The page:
Anyway, if Frank McCourt is the hero of his own story, then the heroine must surely be his mother Angela, who put up with so much misery and poverty in her lifetime. Married to a feckless drinking man from the North of Ireland called Malachy McCourt (played by Robert Carlyle), her lot is to have and lose baby after baby (because of the high infant mortality rate for the poor of Limerick’s slums in the 1930s and 1940s) and to be barely able to feed the living ones because they have no money.

We first meet the family in America. They’ve emigrated there presumably to make a better life for themselves, but have to return to Angela’s family in Limerick when the Big Apple turns rotten and worm-infested for them. ‘We must have been the only family in living memory to be sailing AWAY from the Statue of Liberty,’ observes Frank the narrator ironically.

Limerick’s slums are already chock-full of desperately poor families. Frank and his brothers get mocked and taunted in school for wearing broken boots patched with the rubber from a bicycle tire. The family’s furniture comes from the St. Vincent De Paul Society, on the condition, seemingly, that they consent to being insulted and publicly demeaned by the members of the committee while queuing up to beg for it.

Dad is permanently out of work and, on the rare occasions when he’s in work, he drinks the wages and then loses the job for turning up late or not at all. Angela refers to him repeatedly as a ‘useless feck,’ and she’s not wrong there. Robert Carlyle’s character makes me so angry.

His sole contribution to the family seems to be getting Angela pregnant repeatedly, filling his sons’ heads with fairy stories he remembers from his childhood and drinking away every penny he ever gets his hands on, coming home pissed and incontinent offering his children ‘a penny to die for Ireland.’ When he conks out one night with his stupid selfish head practically in the piss-bucket on the landing, you can’t help feeling that he’s found his natural milieu.

Oh yes, he’s big on songs about the bould brave Fenian men and he boasts about having fought for Ireland during the War of Independence but, wouldn’t you know it, there’s no record of his ever having done military service so he’s not entitled to any pension.

He just makes me so mad. He has ‘loser’ and ‘sponger’ written all over him. He castigates Angela for going begging to the St. Vincent De Paul people or picking up coal off the street where it’s dropped off the coal-man’s cart (‘Have you no pride, Angela?’), but I don’t see him bringing in a wage for food and clothes for the kids he’s actively helped to create.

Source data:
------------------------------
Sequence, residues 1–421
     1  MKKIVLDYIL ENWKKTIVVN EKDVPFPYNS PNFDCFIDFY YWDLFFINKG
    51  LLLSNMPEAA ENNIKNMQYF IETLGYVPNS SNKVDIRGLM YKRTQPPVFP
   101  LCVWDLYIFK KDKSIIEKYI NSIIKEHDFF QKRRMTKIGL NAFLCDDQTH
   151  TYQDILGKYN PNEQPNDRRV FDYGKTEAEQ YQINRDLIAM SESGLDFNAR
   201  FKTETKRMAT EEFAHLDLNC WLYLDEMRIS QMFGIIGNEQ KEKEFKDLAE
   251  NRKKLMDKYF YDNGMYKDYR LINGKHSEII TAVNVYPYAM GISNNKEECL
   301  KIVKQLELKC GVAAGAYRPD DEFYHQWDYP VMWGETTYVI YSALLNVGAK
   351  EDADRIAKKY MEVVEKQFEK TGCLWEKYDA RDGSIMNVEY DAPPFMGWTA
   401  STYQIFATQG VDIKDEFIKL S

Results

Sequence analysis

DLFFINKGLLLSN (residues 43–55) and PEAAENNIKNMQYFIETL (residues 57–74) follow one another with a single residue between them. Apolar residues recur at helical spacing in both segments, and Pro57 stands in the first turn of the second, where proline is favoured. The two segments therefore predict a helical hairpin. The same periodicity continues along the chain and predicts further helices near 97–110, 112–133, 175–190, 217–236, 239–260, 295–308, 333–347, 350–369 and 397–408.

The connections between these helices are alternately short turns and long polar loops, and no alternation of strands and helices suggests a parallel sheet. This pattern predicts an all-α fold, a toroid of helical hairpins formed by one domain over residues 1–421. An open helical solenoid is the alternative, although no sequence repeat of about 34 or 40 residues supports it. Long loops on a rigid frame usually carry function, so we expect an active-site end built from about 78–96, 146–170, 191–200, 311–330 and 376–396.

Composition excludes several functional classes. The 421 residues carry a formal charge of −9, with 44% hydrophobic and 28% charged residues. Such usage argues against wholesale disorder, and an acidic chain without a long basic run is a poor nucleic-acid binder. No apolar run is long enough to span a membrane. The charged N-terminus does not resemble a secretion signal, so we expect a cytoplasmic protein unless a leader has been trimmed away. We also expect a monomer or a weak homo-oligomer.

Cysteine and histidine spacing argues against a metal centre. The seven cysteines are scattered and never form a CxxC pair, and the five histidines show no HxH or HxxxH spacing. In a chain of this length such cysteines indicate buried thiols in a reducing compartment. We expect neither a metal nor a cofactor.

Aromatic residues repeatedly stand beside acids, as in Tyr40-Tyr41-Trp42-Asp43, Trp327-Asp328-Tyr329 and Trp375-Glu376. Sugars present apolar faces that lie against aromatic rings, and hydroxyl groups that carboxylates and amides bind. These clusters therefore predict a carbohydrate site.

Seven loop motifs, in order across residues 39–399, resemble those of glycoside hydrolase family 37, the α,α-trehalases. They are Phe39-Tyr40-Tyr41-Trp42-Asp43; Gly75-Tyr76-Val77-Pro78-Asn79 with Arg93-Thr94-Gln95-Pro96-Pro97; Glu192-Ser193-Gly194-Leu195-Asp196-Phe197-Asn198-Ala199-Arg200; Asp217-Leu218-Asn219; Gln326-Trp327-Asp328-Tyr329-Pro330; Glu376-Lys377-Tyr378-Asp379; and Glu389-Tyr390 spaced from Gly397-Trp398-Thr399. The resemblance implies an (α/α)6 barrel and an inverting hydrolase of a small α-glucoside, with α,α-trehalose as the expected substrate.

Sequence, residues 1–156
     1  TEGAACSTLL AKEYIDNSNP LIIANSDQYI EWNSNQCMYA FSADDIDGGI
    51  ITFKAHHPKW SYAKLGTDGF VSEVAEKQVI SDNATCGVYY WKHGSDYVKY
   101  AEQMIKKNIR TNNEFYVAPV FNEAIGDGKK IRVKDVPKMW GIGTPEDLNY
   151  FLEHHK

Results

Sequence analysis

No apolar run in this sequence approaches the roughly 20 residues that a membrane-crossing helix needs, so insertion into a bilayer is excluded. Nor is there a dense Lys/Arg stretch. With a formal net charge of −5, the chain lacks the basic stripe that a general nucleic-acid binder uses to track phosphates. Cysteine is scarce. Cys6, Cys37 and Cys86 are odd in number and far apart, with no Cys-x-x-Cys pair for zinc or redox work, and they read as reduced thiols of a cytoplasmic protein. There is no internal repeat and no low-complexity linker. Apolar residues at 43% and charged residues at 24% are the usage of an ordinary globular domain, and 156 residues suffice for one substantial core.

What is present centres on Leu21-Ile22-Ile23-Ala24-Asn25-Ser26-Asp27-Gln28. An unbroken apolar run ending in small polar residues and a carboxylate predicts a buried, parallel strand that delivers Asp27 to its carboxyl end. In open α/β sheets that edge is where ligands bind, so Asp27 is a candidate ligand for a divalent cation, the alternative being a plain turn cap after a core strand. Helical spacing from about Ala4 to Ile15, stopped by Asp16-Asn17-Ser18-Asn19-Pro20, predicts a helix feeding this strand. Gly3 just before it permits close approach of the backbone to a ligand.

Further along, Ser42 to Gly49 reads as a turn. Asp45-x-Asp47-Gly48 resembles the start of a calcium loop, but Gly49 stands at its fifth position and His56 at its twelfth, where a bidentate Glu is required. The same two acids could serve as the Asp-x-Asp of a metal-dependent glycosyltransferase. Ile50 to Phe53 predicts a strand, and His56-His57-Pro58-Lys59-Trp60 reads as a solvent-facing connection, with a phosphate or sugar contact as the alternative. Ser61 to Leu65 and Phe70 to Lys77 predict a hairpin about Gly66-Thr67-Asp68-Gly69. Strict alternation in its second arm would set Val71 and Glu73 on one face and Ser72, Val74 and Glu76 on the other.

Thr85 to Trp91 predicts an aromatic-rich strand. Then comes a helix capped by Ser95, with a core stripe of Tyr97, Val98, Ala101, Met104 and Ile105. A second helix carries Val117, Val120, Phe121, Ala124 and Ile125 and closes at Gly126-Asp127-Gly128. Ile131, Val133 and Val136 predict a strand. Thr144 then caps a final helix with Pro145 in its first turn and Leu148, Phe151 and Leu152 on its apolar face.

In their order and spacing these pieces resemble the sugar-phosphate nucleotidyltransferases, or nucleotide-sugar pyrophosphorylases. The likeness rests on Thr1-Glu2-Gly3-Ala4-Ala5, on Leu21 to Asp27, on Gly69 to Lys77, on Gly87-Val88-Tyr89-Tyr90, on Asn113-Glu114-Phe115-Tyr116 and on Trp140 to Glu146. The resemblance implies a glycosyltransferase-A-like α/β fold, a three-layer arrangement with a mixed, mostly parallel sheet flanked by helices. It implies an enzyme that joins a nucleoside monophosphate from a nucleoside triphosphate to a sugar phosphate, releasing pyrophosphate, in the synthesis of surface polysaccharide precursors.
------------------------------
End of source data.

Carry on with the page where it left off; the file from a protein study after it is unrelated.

It’s almost a relief when he buggers off for good, off down the wet, waterlogged lanes where the McCourts have their tenement-style dwelling, to take the boat to England and never be heard from again, as far as I know. Frankie, played by three different actors in the three stages of his development, is the man of the house now.

We see Frankie in school, on the one hand being subjected to savage physical discipline and, on the other, being introduced to the joys of reading, a love he never loses. We see him going to the Lyric cinema- when he has the price of admission, and sometimes when he hasn’t!- to watch Westerns and old UNIVERSAL horror movies such as THE MUMMY, starring Boris Karloff. ‘He’s sticking his knife into that nice lady’s belly…!’

Frankie makes his First Holy Communion, for which he has to have his badly-behaved, sticky-up Protestant hair flattened down by his Granny’s spit, and his Confirmation. He develops typhoid and spends two months in hospital. He gets his first ever job as a coal-man’s apprentice, but has to jack it in because his eyes become super-irritated by the coal dust.

He works for the Post Office as a telegram boy and enjoys as a result his first ever sexual experience with a girl. He’s long since learned the forbidden art of ‘self-abuse,’ even though he knows full well that it makes the Virgin Mary cry.

He works for the local moneylender as a writer of threatening letters- one of the highlights being when he throws her ledger in the ocean- and every penny he makes, he puts into a Post Office Savings Account, otherwise known as his Going To America fund. Yes, that’s right. All wee Frankie McCourt wants to do is get back to the land of promise and plenty some day, where everyone has perfect teeth and a lavatory of their own. Oh joy unconfined, lol.